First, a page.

Obi, a castle town where tradition, modernity and art meet

Translated by Aki Sugawara

Standing at the batter’s box overlooking the field, I see stone walls of an old feudal-era castle on the other side, along with a historic-looking gate. Living in a place where history and modernity meet, organically intertwined—I was jealous of the junior-high school students of Obi in Nichinan that call this home.

Obi is a former castle town, now within Nichinan city in the southern part of Miyazaki prefecture. In 1977 the area was selected as a Preservation District of Traditional Architecture, a distinction given to dozens of regions across Japan.  

Unlike other traditional neighborhoods, which are spruced up as tourist holes, or cordoned off as inaccessible showpieces, the castle town here integrates with society—modernized, yet retaining the exterior aesthetic and cultural sensibilities.

Last year was its 40th anniversary of that distinction, and to celebrate the municipality held a festival called Denken Week—an eight-day event held in residences of samurai of yore, highlighting culture, food and art.

Experiencing Denken with your five senses

Using a historic location, the event encompasses six different themes:

Samurai residences + projection mapping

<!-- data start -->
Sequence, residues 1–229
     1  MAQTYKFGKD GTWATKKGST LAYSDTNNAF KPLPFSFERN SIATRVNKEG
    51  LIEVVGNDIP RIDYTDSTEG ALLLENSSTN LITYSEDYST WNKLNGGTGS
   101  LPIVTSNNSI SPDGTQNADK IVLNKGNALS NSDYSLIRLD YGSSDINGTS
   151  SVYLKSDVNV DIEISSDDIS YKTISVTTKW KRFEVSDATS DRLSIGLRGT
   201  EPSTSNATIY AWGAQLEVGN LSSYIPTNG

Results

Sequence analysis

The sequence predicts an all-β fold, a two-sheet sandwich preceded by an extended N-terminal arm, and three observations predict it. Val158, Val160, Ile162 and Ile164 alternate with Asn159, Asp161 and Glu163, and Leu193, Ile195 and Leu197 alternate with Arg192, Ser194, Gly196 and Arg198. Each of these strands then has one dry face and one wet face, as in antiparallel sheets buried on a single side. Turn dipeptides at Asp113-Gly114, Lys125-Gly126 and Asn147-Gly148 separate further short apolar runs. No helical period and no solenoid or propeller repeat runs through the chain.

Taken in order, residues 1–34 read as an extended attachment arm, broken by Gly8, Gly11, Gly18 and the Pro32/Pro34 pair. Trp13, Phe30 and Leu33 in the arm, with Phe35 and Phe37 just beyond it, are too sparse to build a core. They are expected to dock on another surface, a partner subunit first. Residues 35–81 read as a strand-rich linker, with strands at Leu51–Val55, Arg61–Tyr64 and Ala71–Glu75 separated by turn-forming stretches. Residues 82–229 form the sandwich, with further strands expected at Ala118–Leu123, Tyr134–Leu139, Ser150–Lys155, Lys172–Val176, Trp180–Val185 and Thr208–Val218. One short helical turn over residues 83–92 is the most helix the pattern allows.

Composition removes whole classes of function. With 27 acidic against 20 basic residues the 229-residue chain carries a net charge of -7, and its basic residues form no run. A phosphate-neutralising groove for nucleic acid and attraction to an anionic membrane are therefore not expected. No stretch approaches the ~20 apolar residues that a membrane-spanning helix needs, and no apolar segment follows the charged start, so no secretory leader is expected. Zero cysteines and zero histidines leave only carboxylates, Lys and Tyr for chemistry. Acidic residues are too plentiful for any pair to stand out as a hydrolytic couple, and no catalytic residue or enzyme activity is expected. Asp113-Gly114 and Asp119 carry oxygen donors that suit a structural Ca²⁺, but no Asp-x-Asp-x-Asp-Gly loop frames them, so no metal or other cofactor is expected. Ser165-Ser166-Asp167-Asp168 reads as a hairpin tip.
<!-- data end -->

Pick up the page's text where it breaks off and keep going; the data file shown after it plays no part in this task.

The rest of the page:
When thinking of projection mapping, you usually imagine laser-lit shows of projections on objects like show cars. Yet the medium works at Yoshokan, a house built in the beginning of the Meiji era. Shoji-adorned paper walls naturally transform into screens, showing images of Nichinan’s cultural icons, like Taihei dancing or the mythological Yagorodon giant.

Experiencing day-to-day life with Parisian-style markets


Supporting the local economy is one of the values in Obi, and it’s host to markets similar to those you see walking the streets of Paris. Sold in these markets are food grown in Nichinan, or local artisan goods that are handcrafted. Entrance is free, and the castle’s bell tower is used as the staging ground.

Knowing Obi through your stomach


Exploring the relationship between culture and food is Gastronomie, a concept where Nichinan’s food culture is expressed through using local, seasonal ingredients. French chef Lionel Beccat, executive chef of Equisse based in Tokyo creates each beautifully arranged dish.

Outdoor cinema in the castle town


Drive-in theaters had never caught steam in Japan, and in the midst of streaming movies slowly taking root in Japan it’s nice to watch famous films past and present in the courtyard of a historic residence.

Art as a starting point for community development


Drawing upon the talents of known artists who’ve come from Miyazaki prefecture like Takahide Komatsu (whose work is pictured above), Mariko Irie and Tatsufumi Kobayashi, Denken Week emphasizes how community nurtures and upholds the significance of art.

Bringing past, present and future together

To help foster future community development, Denken hosts an event called Talks, which discusses traditional regions beyond the Obi area, as well as other success stories in different municipalities. It’s a collaborative atmosphere where both the guests and movers are encouraged to participate.


Walking through the town, I saw a thriving community—built not just by government or private entities, but by the people themselves.

Photos by Obi Denken Week
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